The control questions are questions in which the interviewers will expect you to have a little white lie every now and again, but it will not count too heavily upon your qualifications.
After repeating the series of questions a few times, they will look at the results based on the polygraph operator and determine whether or not your answers were truthful and consistent.
You should take your time to consider your answers instead of rushing to find one. Some of the polygraph questions may even contain some parts that you have already answered on your application to see if the answers have changed or remained the same.
6. Psychological Exam
The sixth step is the police psychological exam. This part will evaluate your psychological behavior and help determine whether or not you are psychologically capable of becoming a police officer.
You will be evaluated through a written personality test and an interview with an expert psychologist. The written test will consist of 400-600 questions that may vary depending on the agency.
Afterward, you will meet with a psychologist to discuss your background, education, emotional reactions, and many other things that will be involved with your own personal psychology.
This section will check to see if you have any aggressive behaviors, concerns, or inner psychological issues that need to be addressed. It is possible to prepare for this portion of the assessment by looking at online study guides like Job Test Prep.
Most of it, however, is based on your own personal experiences and behaviors and there are right and wrong answers to these questions. This section could very well make or break your chances of obtaining a job as a police officer.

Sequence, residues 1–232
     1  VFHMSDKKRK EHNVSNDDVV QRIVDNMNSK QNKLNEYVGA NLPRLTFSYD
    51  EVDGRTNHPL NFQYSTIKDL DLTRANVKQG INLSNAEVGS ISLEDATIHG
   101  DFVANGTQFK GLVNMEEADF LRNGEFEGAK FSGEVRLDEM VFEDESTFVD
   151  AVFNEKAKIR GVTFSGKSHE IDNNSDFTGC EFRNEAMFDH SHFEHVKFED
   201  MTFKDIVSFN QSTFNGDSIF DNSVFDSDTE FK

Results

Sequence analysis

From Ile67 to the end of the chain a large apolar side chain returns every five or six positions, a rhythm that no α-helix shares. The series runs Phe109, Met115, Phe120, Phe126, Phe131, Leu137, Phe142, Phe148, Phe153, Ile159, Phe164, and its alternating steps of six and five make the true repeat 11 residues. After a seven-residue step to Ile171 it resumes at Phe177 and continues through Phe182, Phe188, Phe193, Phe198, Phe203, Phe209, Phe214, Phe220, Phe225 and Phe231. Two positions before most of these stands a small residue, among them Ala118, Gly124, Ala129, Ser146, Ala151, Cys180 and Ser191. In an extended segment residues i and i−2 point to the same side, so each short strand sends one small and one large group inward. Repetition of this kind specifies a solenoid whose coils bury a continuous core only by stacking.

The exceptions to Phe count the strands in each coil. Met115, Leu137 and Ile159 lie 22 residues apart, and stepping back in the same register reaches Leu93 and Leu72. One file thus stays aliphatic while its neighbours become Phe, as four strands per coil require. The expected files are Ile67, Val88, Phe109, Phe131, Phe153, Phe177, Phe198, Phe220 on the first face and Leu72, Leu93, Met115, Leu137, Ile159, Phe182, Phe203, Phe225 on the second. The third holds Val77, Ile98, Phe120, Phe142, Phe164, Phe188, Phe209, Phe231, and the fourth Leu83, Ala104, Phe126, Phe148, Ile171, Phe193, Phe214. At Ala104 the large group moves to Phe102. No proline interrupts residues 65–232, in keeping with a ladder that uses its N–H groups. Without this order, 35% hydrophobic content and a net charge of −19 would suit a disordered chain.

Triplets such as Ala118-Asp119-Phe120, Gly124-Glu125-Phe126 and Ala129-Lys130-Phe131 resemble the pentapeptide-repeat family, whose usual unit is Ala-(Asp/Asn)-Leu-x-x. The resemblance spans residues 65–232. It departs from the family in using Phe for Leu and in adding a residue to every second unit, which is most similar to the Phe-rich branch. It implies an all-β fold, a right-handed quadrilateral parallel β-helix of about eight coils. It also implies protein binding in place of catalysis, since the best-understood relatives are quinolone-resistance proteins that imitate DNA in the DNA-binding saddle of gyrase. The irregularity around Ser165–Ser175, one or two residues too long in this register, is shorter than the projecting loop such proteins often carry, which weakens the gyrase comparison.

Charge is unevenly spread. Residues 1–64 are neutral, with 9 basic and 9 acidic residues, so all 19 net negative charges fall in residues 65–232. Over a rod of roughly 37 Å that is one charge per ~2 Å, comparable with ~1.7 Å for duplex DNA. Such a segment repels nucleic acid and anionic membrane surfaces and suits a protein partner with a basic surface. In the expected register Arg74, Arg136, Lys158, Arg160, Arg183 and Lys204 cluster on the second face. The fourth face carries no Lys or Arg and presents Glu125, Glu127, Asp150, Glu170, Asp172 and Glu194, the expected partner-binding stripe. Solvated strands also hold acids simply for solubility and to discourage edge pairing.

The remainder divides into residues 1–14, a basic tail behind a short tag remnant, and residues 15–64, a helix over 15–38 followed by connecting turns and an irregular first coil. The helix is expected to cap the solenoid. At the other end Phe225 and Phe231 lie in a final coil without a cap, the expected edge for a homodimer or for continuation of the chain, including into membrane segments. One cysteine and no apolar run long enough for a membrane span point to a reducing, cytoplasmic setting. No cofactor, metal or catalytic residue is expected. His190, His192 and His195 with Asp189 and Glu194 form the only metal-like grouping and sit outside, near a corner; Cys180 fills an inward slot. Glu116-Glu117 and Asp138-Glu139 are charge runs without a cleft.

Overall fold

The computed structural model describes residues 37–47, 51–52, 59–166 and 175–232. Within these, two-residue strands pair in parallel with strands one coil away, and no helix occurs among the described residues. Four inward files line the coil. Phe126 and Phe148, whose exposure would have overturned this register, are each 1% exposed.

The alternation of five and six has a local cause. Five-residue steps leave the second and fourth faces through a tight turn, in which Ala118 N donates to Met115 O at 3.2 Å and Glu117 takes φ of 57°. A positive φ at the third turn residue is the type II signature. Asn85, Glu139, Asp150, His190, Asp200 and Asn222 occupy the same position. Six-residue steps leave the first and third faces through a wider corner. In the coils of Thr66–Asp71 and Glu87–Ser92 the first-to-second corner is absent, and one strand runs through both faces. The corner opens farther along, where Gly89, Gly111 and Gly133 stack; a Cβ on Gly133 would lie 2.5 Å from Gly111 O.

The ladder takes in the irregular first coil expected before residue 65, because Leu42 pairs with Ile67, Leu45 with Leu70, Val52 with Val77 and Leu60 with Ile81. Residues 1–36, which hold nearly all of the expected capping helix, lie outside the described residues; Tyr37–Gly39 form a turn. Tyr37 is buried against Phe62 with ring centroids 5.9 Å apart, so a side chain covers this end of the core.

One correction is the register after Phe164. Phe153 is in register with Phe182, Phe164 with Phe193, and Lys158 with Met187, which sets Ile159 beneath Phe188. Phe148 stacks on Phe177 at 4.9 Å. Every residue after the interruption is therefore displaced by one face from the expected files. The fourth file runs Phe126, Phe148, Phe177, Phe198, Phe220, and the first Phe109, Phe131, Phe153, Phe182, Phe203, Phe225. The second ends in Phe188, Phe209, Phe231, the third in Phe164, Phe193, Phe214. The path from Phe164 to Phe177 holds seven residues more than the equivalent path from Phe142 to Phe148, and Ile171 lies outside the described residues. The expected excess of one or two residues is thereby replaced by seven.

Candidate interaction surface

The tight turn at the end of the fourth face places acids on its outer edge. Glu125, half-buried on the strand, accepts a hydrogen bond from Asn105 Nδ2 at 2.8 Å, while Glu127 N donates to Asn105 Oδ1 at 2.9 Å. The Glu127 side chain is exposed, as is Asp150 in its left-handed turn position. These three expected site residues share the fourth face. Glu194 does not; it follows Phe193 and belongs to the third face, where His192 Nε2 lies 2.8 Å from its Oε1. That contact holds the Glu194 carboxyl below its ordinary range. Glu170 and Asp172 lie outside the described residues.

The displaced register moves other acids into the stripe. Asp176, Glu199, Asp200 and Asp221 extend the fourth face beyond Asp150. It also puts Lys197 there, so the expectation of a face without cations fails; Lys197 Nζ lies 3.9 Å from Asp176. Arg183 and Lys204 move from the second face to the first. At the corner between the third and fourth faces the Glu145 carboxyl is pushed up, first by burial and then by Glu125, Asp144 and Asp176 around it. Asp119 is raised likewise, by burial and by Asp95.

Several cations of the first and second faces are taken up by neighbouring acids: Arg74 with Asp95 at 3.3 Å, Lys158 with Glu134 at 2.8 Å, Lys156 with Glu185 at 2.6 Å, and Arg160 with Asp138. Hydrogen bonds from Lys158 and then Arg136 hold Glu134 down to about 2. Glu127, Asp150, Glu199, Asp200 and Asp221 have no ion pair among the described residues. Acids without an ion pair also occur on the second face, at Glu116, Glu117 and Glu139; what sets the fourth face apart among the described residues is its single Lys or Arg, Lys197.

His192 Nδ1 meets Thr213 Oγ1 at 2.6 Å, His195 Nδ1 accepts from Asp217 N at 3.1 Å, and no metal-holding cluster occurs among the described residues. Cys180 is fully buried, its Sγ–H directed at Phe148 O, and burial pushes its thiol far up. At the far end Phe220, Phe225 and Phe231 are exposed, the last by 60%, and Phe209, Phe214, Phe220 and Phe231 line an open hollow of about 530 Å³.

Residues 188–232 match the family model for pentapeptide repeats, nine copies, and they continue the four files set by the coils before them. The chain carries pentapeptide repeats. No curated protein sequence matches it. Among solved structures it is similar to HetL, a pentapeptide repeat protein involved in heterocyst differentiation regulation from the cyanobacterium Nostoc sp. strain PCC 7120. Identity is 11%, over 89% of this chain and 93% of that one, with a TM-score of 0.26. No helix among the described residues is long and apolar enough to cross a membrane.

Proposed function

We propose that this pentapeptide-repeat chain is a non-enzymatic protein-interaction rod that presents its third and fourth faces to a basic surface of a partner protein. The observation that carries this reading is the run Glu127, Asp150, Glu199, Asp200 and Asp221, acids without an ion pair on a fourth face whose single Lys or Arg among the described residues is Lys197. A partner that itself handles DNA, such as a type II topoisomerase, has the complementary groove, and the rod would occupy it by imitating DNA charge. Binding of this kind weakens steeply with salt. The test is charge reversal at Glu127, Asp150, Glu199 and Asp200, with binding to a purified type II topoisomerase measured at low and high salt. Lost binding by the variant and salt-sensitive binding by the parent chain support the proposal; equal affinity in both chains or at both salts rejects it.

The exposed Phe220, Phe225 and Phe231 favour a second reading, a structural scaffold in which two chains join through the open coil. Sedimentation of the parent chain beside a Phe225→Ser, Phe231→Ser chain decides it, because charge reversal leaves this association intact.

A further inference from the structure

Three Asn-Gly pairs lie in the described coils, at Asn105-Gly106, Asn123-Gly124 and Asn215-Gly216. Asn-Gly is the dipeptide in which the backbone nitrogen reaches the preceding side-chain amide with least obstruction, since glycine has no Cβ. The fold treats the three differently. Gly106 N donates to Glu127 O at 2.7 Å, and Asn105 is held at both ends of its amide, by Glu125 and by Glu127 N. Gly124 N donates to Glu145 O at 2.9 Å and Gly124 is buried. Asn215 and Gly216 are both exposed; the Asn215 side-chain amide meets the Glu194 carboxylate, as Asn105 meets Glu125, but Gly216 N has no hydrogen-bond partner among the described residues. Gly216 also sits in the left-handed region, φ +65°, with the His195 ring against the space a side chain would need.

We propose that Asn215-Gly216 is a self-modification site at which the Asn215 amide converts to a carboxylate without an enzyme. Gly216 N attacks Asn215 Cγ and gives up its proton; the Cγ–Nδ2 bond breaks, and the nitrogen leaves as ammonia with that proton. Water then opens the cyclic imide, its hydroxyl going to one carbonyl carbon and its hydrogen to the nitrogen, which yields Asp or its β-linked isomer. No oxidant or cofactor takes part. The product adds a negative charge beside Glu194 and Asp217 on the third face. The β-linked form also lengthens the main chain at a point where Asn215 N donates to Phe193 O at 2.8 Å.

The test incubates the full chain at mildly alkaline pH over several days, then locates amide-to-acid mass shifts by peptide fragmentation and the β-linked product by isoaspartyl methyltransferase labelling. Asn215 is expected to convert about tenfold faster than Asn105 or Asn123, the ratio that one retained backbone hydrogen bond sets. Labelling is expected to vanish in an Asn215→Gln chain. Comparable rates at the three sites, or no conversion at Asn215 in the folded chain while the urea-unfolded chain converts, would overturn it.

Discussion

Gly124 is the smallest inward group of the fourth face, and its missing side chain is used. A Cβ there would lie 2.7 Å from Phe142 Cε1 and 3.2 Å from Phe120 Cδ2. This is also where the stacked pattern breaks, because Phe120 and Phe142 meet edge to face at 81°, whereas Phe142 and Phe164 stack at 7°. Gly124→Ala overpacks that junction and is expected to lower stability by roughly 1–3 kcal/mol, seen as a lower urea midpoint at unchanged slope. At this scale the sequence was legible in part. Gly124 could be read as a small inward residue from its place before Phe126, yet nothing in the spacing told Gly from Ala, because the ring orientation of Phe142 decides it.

7. Background Check
The seventh step is the background check. This involves the police doing a thorough background check on you to determine whether or not you will be capable of moving forward within the hiring process.
The entire investigation can take about six weeks to a year, depending on how much there is to investigate.
During this process, they will usually reach out to your colleagues, family members, teachers, past employers, and many other people who have been a part of your upbringing to gather data about how you were growing up.
They will also check to see if you have a criminal background, look at the details of your educational and employment background, and even your driving record.
There are plenty of things that could prevent you from moving forward, such as past criminal charges, drug use, falsified information, dishonorable discharge from the military, and many other things.
Things like that can immediately disqualify you from becoming a police officer and can get you in serious trouble if you lie about or omit this information.
Smaller factors that could put a dent in your path but can still be changed can be minor arrests or bad credit scores. You can wait until you have things like that sorted out before taking part in the assessments.
The important thing is that you are capable of owning up to your mistakes and fixing anything that can be fixed to put you in good standing with your future agency.